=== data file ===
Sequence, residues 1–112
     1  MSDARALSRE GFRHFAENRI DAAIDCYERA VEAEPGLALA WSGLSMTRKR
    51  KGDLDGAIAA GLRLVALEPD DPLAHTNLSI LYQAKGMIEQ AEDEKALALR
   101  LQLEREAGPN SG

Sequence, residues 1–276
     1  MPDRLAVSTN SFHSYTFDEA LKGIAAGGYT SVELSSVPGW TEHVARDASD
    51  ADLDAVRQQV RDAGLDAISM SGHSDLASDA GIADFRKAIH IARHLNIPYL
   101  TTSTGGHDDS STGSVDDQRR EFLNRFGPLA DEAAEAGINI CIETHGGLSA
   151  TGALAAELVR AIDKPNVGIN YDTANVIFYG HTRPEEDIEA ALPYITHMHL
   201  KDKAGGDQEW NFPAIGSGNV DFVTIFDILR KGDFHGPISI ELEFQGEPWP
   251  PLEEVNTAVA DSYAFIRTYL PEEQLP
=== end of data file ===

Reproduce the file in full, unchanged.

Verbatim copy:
Sequence, residues 1–112
     1  MSDARALSRE GFRHFAENRI DAAIDCYERA VEAEPGLALA WSGLSMTRKR
    51  KGDLDGAIAA GLRLVALEPD DPLAHTNLSI LYQAKGMIEQ AEDEKALALR
   101  LQLEREAGPN SG

Sequence, residues 1–276
     1  MPDRLAVSTN SFHSYTFDEA LKGIAAGGYT SVELSSVPGW TEHVARDASD
    51  ADLDAVRQQV RDAGLDAISM SGHSDLASDA GIADFRKAIH IARHLNIPYL
   101  TTSTGGHDDS STGSVDDQRR EFLNRFGPLA DEAAEAGINI CIETHGGLSA
   151  TGALAAELVR AIDKPNVGIN YDTANVIFYG HTRPEEDIEA ALPYITHMHL
   201  KDKAGGDQEW NFPAIGSGNV DFVTIFDILR KGDFHGPISI ELEFQGEPWP
   251  PLEEVNTAVA DSYAFIRTYL PEEQLP